When I was eight, I wanted very little in life. I wanted a Barbie doll. I wanted the new Magic Tree House Book. I wanted to get my nails done. But most of all, I wanted a new name.
Leora Eisenberg. Say it with me. Lee-oh-rah Eyes-in-burg. The chances for mispronunciation are infinite. By the time I was in third grade, I had heard every single possible variant of my name: Lenora Isenburg, Leona Eisenbig, and my personal favorite, Leonora Eisberg. I hated it. It was too long. It was too hard to say. And it was too Jewish. None of my friends at school had names like this; they all had names like Abigail Jones or Hannah Anderson. Their names meant they were normal. My name meant I was Jewish.
Granted, as a young kid, it probably didn’t mean much. I eventually got over my name and decided that I indeed liked it and would keep it, but the seeds were planted. From then on, I wanted to be like everyone else, blond and Minnesotan. I didn’t want to be different. I didn’t want to be Jewish.
Unfortunately, this fear of having a “Jewish name” carries over to teenhood in the case of many children. And by “Jewish name,” I don’t mean having a name like Avi Rosenblatt or Nechama Greenberg; I mean being overtly Jewish.
To the average Jewish teenager, being Jewish means having an overbearing mother who nags you all the time about why you’re not dating a nice Jewish boy/girl. It means you follow the Israeli-Palestinian conflict on the news. It means you have the yearly obligation to go to synagogue on Yom Kippur, and then come home and complain about it until next year when you have to do it again. In short, being overtly Jewish means carrying a lot of baggage that no one wants to deal with.
Teenagers especially do not want to lug this baggage around with them; they have enough of their own: college applications, budding relationships, seemingly misunderstanding parents. And, frankly, if being Jewish means going to synagogue once a week, they’d rather not be Jewish, because all the guys watch football on Saturday mornings. If being Jewish means having ties to Israel, they’d rather not be Jewish, because they saw those graphic images of Gaza on their Facebook feed and there’s already a BDS program at school. If being Jewish means they have an overbearing mother, they’d rather not be Jewish, because it’s embarrassing to go out and then have Mom yell, “Zisele, have you forgotten your sweater? And did you eat? I don’t want you eating treifus (non-kosher food) while you’re out!”
Kids especially don’t want to be Jewish at a time in their lives when there is great pressure to be like everybody else. When a Jewish teen is surrounded by blond Minnesotans (ahem), it is easy to want to be like them, since they are the norm and the norm is always good, right?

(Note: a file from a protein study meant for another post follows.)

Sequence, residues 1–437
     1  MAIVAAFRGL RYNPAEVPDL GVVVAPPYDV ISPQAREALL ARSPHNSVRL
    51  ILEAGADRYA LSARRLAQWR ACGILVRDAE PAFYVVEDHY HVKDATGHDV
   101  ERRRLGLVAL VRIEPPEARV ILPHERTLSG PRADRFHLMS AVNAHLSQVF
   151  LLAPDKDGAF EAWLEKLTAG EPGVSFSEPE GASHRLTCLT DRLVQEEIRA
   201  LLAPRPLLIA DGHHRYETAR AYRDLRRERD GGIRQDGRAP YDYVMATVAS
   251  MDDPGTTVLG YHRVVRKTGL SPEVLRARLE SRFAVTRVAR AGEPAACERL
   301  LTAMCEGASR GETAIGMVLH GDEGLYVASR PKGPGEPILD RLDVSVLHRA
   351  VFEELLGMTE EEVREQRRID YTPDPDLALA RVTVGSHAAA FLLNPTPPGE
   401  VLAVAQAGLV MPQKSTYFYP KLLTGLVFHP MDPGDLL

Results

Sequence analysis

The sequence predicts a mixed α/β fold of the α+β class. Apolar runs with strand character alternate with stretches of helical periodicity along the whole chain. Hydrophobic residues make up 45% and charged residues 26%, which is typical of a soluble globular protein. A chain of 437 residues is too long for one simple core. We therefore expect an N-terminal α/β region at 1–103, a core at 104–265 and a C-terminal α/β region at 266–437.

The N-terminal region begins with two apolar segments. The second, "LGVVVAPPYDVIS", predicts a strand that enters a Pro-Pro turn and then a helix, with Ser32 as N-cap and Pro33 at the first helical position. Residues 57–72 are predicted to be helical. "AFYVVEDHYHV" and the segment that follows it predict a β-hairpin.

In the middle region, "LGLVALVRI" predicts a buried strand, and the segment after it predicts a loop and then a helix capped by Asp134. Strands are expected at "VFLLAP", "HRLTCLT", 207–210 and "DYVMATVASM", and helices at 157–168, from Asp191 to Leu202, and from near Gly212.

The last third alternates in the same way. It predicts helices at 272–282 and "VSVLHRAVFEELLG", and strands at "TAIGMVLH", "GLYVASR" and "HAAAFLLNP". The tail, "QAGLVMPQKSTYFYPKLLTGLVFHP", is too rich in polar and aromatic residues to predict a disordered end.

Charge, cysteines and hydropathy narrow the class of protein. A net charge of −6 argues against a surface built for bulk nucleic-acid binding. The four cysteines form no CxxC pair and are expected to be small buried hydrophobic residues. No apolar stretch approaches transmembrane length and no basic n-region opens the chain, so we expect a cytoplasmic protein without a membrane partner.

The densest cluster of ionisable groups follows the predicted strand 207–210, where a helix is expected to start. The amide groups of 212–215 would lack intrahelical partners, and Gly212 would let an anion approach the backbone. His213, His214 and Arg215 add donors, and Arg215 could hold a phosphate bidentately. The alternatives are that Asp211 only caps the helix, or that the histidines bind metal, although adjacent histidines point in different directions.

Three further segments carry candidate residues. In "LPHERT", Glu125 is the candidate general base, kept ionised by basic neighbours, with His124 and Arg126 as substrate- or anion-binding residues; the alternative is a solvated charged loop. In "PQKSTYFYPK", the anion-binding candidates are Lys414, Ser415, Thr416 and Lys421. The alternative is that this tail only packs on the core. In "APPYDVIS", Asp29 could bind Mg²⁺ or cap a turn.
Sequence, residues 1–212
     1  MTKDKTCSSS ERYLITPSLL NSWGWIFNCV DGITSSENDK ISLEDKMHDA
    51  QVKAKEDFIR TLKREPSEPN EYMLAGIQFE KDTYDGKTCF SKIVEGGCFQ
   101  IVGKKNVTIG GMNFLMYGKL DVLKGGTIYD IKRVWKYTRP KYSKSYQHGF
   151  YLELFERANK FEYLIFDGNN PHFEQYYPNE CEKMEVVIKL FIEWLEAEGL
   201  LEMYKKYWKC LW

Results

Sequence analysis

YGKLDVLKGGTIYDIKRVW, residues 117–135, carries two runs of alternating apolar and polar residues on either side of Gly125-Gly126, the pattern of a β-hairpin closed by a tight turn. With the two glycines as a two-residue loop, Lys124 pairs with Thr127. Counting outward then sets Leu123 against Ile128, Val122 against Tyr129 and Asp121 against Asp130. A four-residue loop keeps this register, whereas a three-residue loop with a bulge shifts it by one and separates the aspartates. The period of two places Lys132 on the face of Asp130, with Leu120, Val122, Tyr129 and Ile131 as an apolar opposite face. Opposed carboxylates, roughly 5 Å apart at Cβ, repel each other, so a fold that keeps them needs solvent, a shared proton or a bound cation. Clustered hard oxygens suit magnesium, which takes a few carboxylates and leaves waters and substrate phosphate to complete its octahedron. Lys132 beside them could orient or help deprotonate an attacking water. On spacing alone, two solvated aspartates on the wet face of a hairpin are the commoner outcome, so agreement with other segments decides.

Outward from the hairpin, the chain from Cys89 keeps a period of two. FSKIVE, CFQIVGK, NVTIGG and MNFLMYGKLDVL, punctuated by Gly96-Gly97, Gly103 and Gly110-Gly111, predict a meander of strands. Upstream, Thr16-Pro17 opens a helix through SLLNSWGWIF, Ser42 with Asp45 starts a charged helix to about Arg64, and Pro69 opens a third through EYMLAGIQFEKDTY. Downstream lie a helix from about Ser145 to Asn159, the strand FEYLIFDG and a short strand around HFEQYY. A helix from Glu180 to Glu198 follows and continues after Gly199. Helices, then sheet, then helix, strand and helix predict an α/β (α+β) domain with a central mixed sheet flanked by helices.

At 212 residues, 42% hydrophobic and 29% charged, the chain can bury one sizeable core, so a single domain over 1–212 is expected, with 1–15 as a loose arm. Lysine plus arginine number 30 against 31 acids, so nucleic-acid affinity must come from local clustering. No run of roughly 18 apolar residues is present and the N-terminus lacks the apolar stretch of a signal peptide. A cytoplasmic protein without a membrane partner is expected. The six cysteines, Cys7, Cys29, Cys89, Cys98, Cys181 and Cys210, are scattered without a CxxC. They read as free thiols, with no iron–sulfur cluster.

So, parents, I beseech you to give your children a reason--or rather, reasons-- to like being Jewish. Be the cool Jewish parents-- the ones who give their children awesome sweaters to wear and remind them to wear them before they leave the house. Make synagogue fun-- remind them that synagogue is more than just Yom Kippur; it part of their heritage, and part of their life, as a way to connect with something greater than social media and boy bands. Teach them about Israel-- encourage discussions and debates; go beyond the graphic images on Facebook and into history. Tell them that being Jewish is a privilege, and while it may not be “popular” or easy per se, it is fulfilling and special.
Teeangers, I ask you to remember that you are profoundly lucky to be Jewish. I’m not going to tell you that it’s always easy. It’s not. It’s not easy being Jewish when being non-Jewish is the norm. It’s not always fun being in synagogue for extended periods of time. Keeping up with Israel in the news is time-consuming. I sympathize. I’ve done all of this stuff before. But I can tell you from experience that it’s much more meaningful to be overtly Jewish and acknowledge my religion and culture than to hide them and resent an identity I’ve forced upon myself for no other reason than to be like everyone else.I’m not going to lie. It’s not easy to have a “Jewish name” when everyone doesn’t. But it’s certainly easier to acknowledge and be proud of your Jewishness than hide it because you think it’s better to be like everyone else, especially when you have so much to be proud of.